Biomechanics and Mechanobiology of Saphenous Vein Grafts.


Biomechanics and Mechanobiology of Saphenous Vein Grafts.


Gooch Keith J; Firstenberg Michael S; Shrefler Brittany S; Scandling Benjamin W


Journal of biomechanical engineering




Within several weeks of use as coronary artery bypass grafts (CABG), saphenous veins (SV) exhibit significant intimal hyperplasia (IH). IH predisposes vessels to thrombosis and atherosclerosis, the two major modes of vein graft failure. The fact that SV do not develop significant IH in their native venous environment coupled with the rapidity with which they develop IH following grafting into the arterial circulation suggests that factors associated with the isolation and preparation of SV and/or differences between the venous and arterial environments contribute to disease progression. There is strong evidence suggesting that mechanical trauma associated with traditional techniques of SV preparation can significantly damage the vessel and might potentially reduce graft patency though modern surgical techniques reduces these injuries. In contrast, it seems possible that modern surgical technique, specifically endoscopic vein harvest, might introduce other mechanical trauma that could subtly injure the vein and perhaps contribute to the reduced patency observed in veins harvested using endoscopic techniques. Aspects of the arterial mechanical environment influence remodeling of SV grafted into the arterial circulation. Increased pressure likely leads to thickening of the medial wall but its role in IH is less clear. Changes in fluid flow, including increased average wall shear stress, may reduce IH while disturbed flow likely increase IH. Nonmechanical stimuli, such as exposure to arterial levels of oxygen, may also have a significant but not widely recognized role in IH. Several potentially promising approaches to alter the mechanical environment to improve graft patency are including extravascular supports or altered graft geometries are covered.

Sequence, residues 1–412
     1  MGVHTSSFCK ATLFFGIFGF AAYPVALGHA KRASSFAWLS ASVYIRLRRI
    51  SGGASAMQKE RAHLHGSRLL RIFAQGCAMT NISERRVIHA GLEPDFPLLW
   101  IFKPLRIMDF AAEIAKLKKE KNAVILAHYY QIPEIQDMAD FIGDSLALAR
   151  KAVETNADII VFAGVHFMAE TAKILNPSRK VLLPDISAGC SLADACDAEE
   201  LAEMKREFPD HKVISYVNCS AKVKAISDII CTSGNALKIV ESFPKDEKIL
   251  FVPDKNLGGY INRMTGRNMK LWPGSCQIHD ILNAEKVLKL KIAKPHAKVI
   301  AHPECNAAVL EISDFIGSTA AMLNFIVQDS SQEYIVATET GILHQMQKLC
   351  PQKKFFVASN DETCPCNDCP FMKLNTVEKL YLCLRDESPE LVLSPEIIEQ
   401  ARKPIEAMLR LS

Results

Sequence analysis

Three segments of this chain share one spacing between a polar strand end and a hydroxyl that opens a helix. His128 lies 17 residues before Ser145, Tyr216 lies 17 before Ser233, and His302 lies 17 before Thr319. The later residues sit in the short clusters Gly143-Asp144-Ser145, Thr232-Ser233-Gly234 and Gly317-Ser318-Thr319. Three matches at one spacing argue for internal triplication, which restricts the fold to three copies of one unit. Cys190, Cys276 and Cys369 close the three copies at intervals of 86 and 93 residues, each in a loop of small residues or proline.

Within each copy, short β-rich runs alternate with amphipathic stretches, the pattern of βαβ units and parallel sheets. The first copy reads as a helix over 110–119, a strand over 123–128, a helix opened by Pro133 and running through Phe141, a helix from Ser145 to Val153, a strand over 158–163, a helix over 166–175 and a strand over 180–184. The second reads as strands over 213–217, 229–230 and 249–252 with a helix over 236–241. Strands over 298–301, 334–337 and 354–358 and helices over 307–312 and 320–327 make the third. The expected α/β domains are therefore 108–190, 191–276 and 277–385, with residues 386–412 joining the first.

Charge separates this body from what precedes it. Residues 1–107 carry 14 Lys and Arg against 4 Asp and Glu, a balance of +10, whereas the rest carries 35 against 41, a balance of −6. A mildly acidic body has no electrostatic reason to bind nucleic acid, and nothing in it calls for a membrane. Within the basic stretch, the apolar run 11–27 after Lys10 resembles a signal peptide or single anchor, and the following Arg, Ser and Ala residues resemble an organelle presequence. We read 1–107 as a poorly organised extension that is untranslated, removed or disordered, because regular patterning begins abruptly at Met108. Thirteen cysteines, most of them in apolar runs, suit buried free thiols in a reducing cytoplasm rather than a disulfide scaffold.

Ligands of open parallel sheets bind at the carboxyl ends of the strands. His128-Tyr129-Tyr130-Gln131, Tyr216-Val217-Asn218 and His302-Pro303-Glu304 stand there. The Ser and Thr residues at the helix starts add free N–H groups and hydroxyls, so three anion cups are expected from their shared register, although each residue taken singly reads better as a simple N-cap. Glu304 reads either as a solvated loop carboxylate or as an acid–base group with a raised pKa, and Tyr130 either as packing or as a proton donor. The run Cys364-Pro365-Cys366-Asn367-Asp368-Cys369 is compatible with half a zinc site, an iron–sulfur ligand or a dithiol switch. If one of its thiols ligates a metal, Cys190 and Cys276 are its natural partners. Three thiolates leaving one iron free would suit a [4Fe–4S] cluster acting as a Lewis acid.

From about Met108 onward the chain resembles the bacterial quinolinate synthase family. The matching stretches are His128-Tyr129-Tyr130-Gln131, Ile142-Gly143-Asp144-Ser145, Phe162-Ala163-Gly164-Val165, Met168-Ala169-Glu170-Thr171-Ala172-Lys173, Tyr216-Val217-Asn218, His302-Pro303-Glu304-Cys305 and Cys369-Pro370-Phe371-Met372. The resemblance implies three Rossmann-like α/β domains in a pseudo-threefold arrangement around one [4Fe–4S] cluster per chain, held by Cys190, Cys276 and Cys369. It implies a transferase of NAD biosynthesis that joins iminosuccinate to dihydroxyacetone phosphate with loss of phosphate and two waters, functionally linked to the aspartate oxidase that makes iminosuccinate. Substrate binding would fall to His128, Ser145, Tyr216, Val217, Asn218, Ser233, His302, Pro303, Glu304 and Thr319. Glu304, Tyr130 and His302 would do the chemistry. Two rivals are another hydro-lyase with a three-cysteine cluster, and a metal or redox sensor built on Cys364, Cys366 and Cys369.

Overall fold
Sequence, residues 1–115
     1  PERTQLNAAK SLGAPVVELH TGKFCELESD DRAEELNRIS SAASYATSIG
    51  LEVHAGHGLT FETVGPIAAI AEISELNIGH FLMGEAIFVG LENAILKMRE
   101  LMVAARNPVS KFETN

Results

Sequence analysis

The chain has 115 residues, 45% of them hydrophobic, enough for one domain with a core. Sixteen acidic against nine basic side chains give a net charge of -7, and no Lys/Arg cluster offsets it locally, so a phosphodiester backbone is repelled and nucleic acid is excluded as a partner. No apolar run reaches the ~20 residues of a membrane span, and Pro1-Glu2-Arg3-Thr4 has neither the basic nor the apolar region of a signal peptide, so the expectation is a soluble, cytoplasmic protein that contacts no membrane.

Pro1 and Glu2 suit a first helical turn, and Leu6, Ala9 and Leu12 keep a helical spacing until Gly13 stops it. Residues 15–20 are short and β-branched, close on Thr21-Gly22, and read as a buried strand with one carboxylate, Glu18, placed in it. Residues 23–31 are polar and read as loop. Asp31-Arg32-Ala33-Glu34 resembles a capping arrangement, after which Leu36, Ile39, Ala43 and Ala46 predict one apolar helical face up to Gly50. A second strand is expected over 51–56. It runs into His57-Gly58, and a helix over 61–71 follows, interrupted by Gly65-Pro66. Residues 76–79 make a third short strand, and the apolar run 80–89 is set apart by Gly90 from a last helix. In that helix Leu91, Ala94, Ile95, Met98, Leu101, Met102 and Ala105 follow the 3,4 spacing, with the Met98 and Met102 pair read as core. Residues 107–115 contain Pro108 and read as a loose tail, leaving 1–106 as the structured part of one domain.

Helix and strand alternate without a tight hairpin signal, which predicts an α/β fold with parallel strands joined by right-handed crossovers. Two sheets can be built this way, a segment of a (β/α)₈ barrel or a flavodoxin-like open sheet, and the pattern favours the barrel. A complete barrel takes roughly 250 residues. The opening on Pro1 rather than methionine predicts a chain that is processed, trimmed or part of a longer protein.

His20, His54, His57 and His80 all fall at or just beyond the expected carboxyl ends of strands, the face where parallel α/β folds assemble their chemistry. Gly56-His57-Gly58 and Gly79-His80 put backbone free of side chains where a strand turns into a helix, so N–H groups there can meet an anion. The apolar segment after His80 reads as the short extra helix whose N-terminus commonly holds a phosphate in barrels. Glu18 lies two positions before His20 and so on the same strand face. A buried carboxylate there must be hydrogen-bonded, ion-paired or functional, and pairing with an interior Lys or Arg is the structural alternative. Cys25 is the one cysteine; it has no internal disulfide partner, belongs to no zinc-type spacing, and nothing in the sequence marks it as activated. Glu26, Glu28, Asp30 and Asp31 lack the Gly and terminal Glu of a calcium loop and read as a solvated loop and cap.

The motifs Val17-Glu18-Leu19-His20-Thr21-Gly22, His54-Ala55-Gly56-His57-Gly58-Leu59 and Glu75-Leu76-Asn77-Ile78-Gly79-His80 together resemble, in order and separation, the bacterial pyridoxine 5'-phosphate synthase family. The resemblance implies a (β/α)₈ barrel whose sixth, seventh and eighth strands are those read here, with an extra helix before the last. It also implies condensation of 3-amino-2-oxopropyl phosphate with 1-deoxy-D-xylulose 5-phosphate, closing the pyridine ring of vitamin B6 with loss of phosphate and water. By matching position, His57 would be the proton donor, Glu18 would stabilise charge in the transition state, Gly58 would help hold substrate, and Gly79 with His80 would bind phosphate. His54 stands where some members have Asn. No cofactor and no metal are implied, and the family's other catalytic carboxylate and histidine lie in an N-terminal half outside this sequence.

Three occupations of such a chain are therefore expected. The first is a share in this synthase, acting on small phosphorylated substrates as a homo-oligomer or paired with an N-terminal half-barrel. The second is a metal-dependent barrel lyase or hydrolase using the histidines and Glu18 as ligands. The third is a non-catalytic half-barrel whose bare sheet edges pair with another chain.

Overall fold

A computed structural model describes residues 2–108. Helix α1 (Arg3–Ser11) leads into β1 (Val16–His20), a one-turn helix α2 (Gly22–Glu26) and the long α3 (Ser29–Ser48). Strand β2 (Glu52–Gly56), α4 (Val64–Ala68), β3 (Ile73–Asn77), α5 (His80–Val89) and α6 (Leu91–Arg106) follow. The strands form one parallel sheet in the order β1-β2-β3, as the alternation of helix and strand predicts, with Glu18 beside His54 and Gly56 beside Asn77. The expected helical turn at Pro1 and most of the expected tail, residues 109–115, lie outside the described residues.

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Gooch Keith J; Firstenberg Michael S; Shrefler Brittany S; Scandling Benjamin W, “Biomechanics and Mechanobiology of Saphenous Vein Grafts.,” NEOMED Bibliography Database, accessed July 14, 2024,